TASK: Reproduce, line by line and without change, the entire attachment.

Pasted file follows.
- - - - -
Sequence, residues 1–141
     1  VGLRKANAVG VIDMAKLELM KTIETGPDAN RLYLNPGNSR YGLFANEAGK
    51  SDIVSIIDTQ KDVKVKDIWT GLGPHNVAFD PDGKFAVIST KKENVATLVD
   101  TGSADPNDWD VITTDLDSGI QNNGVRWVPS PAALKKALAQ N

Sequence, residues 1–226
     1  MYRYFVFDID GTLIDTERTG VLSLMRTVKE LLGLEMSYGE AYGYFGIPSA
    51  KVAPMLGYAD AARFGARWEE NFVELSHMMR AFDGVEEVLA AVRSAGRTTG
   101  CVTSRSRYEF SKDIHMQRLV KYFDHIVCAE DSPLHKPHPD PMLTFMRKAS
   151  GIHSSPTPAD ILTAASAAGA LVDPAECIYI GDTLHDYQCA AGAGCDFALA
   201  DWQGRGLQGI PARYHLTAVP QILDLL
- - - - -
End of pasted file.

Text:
Sequence, residues 1–141
     1  VGLRKANAVG VIDMAKLELM KTIETGPDAN RLYLNPGNSR YGLFANEAGK
    51  SDIVSIIDTQ KDVKVKDIWT GLGPHNVAFD PDGKFAVIST KKENVATLVD
   101  TGSADPNDWD VITTDLDSGI QNNGVRWVPS PAALKKALAQ N

Sequence, residues 1–226
     1  MYRYFVFDID GTLIDTERTG VLSLMRTVKE LLGLEMSYGE AYGYFGIPSA
    51  KVAPMLGYAD AARFGARWEE NFVELSHMMR AFDGVEEVLA AVRSAGRTTG
   101  CVTSRSRYEF SKDIHMQRLV KYFDHIVCAE DSPLHKPHPD PMLTFMRKAS
   151  GIHSSPTPAD ILTAASAAGA LVDPAECIYI GDTLHDYQCA AGAGCDFALA
   201  DWQGRGLQGI PARYHLTAVP QILDLL